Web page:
MARAWI, Philippines—After pulling out of the battle zone, the convoy of armored vehicles lumbered past smashed-up shop fronts and shot-up facades on its way through town.
While the powerful engines roared, the soldiers inside the sturdy machines sat silently, their faces sullen. Wooden planks had been attached to the flanks of the vehicles to add protection against high-caliber rounds, and bullets had cracked the windows of the driver’s compartments, a testament to the tooth-and-nail combat they had left behind.
Granted a rest from the fighting, the soldiers in the convoy had left the center of Marawi, a city on the island of Mindanao in the southern Philippines, where the front line is a tightening noose around a dwindling number of jihadist insurgents. But the Maute Group, named after the brothers Abdullah and Omar Maute who lead the militants, have proven difficult to dislodge.
The Mautes have pledged allegiance to the so-called Islamic State, and use many of the tactics that the terror group honed in years of conflict in Iraq and Syria.
Despite vehement antagonism toward the U.S. and its military expressed by Philippine President Rodrigo Duterte back in December, after the Mautes moved on Marawi in May, The New York Times reported U.S. Special Operations Forces were here as advisers supporting Philippine operations in June. If so, the Americans have gone or slipped out of sight. We saw no sign of them.
The Philippine military, fighting its way through a warren of heavily fortified positions, sniper nests, and explosive booby traps, has succeeded in retaking most of the city, constricting the insurgents in a shrinking pocket of resistance in the city center. Buy progress has been costly.
The army, marines, militarized police and special forces deployed in Marawi have lost around 150 men while the soldiers adapted to the urban conflict.
Over the years, the Philippine military has proved effective in fighting Islamist insurgencies that flared up in rural Mindanao and the island groups that dot the southern Philippine seas. But searching out and destroying rebel bases in the woody hillsides is a not the same as flushing out a well-prepared enemy in deadly house-to-house fighting.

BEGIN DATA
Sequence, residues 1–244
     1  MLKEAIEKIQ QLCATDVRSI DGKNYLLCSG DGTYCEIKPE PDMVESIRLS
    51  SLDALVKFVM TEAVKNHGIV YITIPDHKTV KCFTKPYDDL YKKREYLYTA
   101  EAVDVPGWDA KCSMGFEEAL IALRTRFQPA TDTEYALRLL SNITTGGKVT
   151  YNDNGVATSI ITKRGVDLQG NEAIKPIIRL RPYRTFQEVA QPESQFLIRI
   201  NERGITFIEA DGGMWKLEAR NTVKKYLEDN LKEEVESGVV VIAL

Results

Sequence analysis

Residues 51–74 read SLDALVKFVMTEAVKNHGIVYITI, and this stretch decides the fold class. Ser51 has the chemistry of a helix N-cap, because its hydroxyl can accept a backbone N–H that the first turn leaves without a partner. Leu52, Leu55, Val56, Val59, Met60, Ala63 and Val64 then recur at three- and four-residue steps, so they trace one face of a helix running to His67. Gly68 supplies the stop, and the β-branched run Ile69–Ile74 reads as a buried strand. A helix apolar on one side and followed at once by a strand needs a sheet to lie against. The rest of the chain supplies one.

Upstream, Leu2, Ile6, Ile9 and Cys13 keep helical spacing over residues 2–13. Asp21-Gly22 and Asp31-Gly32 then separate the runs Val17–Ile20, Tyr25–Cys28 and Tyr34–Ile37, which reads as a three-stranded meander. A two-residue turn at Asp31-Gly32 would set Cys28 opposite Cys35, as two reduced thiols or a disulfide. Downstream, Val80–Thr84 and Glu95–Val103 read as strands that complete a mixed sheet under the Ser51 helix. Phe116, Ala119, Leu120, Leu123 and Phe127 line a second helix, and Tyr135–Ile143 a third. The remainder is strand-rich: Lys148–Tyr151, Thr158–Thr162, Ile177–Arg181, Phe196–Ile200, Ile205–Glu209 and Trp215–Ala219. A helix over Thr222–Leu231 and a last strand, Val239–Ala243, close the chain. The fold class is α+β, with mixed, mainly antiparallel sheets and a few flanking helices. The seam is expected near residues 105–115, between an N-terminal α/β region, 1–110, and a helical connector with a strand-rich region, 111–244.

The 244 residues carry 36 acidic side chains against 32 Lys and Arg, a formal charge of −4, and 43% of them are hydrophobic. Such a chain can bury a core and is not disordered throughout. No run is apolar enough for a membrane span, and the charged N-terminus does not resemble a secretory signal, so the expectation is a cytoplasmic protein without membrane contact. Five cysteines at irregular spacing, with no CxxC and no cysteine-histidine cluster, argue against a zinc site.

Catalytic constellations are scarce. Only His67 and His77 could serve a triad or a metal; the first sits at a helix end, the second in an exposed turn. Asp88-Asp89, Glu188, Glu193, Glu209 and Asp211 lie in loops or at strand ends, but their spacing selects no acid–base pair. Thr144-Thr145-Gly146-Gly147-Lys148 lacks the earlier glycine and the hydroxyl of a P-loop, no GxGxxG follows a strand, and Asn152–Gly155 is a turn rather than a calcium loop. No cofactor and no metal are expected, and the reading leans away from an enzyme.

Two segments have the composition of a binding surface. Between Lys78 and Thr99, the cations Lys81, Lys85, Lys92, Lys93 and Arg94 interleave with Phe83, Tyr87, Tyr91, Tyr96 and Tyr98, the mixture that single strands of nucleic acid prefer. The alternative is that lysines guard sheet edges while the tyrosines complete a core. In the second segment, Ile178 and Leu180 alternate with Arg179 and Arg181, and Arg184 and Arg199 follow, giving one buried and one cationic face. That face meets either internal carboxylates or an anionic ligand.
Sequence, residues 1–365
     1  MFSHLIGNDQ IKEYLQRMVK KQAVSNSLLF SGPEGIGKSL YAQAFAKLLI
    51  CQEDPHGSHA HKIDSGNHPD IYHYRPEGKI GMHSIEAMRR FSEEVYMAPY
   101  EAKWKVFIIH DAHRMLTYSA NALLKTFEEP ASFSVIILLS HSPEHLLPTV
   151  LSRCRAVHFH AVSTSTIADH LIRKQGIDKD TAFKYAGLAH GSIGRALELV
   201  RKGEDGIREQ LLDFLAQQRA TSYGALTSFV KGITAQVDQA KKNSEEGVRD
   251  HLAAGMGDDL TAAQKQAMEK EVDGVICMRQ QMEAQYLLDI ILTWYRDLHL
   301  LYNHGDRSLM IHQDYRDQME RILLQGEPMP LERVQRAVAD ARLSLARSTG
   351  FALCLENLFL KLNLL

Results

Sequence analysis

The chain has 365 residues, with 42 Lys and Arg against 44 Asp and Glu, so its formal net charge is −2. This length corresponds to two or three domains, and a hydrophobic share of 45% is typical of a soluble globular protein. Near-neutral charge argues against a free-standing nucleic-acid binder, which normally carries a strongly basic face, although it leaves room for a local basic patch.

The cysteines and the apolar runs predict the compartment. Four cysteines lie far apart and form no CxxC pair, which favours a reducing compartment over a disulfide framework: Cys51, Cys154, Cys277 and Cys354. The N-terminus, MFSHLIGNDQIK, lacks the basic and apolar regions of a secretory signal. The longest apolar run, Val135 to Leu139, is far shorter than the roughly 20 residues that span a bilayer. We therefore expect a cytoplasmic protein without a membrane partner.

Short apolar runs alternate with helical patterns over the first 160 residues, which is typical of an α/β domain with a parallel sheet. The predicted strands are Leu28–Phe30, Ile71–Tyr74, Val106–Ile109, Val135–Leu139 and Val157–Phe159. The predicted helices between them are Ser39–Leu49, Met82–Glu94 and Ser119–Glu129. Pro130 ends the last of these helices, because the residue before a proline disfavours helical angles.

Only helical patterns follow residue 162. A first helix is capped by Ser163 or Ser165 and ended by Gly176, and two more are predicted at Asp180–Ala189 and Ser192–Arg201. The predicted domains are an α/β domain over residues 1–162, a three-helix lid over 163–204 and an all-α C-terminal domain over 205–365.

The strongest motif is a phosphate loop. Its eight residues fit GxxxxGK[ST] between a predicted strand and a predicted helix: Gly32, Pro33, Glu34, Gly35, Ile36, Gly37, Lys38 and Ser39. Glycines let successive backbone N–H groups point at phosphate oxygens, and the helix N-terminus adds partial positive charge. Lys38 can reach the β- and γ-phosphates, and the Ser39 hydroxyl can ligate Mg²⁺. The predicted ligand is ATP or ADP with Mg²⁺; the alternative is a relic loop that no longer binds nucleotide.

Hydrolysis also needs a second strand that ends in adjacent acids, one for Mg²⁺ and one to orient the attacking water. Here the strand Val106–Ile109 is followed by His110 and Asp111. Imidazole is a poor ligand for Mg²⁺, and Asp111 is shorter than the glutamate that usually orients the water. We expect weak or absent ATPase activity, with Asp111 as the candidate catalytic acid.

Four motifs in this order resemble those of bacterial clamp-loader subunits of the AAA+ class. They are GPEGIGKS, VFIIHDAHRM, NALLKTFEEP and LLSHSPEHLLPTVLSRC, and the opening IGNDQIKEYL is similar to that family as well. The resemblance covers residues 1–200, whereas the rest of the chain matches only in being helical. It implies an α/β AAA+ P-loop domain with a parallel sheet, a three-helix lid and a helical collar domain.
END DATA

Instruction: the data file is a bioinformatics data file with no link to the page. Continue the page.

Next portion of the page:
“It’s difficult to enter these buildings, it’s not like fighting in the mountains,” says Sgt. Mitchell Bonilla, a veteran who has spent 16 years with the marines.
Resting in a building in the rear, a private with the elite Marine Corps Special Operations Command, known as MARSOC, contrasts the fighting in Marawi to the lightning raids on insurgent strongholds on the Sulu archipelago, where his unit was stationed before it was deployed to the city two months ago.
“Here, the enemy knows we are coming. In Sulu, they wake up and they are in hell,” he told The Daily Beast.
The MARSOC have restricted their operations to nighttime, when the special forces can rely on their superior night vision equipment to give them an edge over the Maute fighters.
The conventional army and marine units do not have the luxury of specialist training and equipment. They fight the hard way, breaking into fortified houses by blowing holes through walls and clearing rooms with grenades.
The jihadists have punched through the walls of terraced houses, as well, allowing them to move swiftly and undetected.
Sappers have defused well over a thousand improvised explosive devices that the insurgents have planted in the city.
The advance is slow. By their own admission the troops take maybe a dozen buildings a day, and it can take weeks to break through one of the defensive lines the Mautes have strung in concentric circles around the city center.
The fighting is further complicated by the hostages the Maute Group seized when it took control of the city in May. These are forced to prepare defenses and act as human shields on the front lines. Some may have been forced to take up arms against the very soldiers trying to rescue them.
According to Philippine Army Col. Romeo Brawner, captured civilians have been press-ganged into the ranks of the insurgents as the Mautes try to stave off defeat.